I loved the fact that Annabel was the narrator rather than Julia. Annabel is an extremely unreliable narrator, which I found quite interesting, as it is up to the reader to realise how wrong her thoughts are. At the start of the novel, Julia doesn't seem to be particularly bothered by her weight gain, which made me wonder how “fat” Julia actually was. Julia only starts seeing herself as being extremely overweight once Annabel starts planting these thoughts into her head, and Annabel seems to think that anyone who doesn't have their ribs showing is fat. For all the reader knows, Julia could be a perfectly average sized person, but to Annabel that could be seen as huge. Weight gain and binge eating can be dangerous to a persons health, but the way Annabel went about it was very harsh.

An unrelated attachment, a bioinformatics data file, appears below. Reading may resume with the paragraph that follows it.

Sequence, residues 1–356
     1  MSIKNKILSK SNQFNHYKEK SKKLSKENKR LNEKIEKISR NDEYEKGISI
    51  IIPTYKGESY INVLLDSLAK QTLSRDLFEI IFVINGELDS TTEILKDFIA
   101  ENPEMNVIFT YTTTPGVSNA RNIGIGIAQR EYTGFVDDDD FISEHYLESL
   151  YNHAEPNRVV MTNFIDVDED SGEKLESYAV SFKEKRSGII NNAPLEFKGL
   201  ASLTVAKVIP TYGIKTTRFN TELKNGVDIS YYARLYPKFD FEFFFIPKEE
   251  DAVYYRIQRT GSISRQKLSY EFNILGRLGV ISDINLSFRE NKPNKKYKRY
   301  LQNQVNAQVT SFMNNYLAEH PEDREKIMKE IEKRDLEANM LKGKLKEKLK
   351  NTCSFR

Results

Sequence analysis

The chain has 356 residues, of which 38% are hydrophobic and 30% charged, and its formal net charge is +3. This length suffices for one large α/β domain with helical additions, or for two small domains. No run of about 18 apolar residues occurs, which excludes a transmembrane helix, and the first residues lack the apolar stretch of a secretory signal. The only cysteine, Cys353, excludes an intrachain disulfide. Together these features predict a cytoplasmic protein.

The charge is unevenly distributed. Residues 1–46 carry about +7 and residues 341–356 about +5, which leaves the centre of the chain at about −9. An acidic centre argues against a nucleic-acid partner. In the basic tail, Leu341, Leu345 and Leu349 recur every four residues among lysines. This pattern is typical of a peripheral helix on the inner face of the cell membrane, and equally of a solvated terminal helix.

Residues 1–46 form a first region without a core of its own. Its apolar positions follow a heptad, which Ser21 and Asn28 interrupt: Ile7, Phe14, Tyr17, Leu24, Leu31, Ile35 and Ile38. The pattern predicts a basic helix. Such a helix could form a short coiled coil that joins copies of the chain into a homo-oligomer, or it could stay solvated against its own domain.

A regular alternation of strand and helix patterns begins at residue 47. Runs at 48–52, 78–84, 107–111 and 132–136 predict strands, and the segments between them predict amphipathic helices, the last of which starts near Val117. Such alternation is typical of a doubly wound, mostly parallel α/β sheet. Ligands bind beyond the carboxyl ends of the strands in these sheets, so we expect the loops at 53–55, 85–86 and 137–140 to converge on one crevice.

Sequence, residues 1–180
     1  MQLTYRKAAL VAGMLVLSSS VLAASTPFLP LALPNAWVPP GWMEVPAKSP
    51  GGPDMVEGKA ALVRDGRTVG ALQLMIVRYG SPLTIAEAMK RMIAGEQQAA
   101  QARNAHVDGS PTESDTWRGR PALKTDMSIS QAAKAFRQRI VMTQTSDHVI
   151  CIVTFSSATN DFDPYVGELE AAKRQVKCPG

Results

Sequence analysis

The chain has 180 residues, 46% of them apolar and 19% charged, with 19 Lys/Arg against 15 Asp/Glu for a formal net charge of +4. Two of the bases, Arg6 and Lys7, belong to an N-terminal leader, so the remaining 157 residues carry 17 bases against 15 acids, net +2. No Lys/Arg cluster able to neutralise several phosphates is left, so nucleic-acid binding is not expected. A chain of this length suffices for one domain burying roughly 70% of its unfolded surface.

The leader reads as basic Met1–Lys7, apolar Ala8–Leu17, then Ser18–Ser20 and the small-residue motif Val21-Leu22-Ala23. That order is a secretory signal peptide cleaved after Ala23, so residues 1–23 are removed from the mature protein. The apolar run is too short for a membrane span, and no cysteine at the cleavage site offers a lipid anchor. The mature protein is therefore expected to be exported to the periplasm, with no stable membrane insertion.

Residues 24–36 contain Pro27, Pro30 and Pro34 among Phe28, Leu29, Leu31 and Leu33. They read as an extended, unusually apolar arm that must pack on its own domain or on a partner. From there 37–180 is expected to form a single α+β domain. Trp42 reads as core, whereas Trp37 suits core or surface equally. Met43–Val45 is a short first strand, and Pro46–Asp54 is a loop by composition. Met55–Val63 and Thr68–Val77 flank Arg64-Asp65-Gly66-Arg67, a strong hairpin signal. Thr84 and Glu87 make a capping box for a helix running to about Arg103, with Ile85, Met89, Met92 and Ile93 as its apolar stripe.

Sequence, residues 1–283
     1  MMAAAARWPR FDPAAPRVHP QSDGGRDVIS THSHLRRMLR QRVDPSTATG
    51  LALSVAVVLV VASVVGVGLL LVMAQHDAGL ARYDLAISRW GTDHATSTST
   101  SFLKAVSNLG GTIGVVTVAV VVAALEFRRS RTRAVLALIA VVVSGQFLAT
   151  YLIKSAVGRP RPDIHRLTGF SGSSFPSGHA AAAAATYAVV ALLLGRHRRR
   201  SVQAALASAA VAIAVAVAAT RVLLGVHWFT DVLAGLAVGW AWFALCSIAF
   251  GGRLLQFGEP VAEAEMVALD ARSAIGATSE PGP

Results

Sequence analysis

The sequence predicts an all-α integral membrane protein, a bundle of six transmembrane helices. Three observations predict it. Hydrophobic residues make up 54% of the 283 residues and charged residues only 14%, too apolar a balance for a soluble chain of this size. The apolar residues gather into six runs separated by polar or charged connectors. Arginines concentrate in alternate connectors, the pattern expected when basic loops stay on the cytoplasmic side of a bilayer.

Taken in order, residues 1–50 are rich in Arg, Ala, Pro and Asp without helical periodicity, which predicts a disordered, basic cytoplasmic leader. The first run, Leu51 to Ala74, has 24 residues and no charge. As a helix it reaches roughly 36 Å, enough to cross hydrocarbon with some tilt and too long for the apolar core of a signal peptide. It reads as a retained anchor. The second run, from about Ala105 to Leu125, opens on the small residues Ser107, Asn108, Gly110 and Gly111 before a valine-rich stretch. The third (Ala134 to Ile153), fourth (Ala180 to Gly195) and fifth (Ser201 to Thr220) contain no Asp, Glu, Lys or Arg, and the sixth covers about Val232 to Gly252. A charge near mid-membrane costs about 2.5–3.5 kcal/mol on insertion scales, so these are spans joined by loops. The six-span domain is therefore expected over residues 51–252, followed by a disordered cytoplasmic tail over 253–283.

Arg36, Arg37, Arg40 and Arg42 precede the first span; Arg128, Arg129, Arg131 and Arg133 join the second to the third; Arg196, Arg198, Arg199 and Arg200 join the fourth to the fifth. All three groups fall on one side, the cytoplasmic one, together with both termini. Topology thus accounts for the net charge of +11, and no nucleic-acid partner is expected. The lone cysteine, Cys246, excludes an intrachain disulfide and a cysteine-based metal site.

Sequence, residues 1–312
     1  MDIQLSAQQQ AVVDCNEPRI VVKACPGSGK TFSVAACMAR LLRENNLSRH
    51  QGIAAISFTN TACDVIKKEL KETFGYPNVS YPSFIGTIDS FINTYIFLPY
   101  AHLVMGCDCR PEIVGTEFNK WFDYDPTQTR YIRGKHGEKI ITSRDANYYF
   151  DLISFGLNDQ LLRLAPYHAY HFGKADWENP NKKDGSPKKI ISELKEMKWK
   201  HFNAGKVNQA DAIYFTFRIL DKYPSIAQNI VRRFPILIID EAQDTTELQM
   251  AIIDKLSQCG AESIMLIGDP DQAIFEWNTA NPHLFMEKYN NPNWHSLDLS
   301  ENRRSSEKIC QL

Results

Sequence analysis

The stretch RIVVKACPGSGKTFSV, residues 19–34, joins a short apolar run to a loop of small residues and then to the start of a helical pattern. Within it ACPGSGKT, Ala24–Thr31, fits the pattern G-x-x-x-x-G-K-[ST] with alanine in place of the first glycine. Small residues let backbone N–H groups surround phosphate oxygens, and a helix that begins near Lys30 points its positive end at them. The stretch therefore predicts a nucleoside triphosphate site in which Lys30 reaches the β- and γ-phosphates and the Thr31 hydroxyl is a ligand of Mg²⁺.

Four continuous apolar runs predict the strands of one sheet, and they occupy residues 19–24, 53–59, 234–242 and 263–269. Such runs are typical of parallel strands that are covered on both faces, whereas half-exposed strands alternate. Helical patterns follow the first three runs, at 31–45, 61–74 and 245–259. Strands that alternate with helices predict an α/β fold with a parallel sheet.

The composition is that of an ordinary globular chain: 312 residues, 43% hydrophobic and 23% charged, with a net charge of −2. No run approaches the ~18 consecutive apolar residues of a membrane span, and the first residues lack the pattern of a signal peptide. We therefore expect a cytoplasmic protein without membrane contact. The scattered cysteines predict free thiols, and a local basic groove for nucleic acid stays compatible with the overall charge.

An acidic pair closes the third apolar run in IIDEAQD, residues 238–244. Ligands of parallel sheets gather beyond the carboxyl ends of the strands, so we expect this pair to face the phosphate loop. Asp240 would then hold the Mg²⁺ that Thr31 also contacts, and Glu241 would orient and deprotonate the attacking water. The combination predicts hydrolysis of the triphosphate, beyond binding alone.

Although the final message of this book is that being underweight can be even more damaging than being overweight, and that being fat isn't the worst thing a person can be, I did feel as if the book should have had some sort of trigger warning. Although I have never personally suffered from anorexia, I do have problems with my weight and sometimes feel horribly fat. Even though I realised how wrong Annabel's thoughts were, it is very easy to let a person with such strong opinions start manipulating you into thinking their bad opinions are right, especially if you are vulnerable to that kind of thing. Even as someone who isn't necessarily a vulnerable person, I started feeling guilty about my own weight, even going so far as to feeling guilty about eating a chocolate flapjack as I was reading the book. I felt as if people who suffer from anorexia could be triggered by this book, and that it should have at least had a warning on the back to explain this. The final message is about body positivity and that the most important thing is to be healthy, but I felt as if the lead up to Annabel's realisation of this could be harmful to certain people.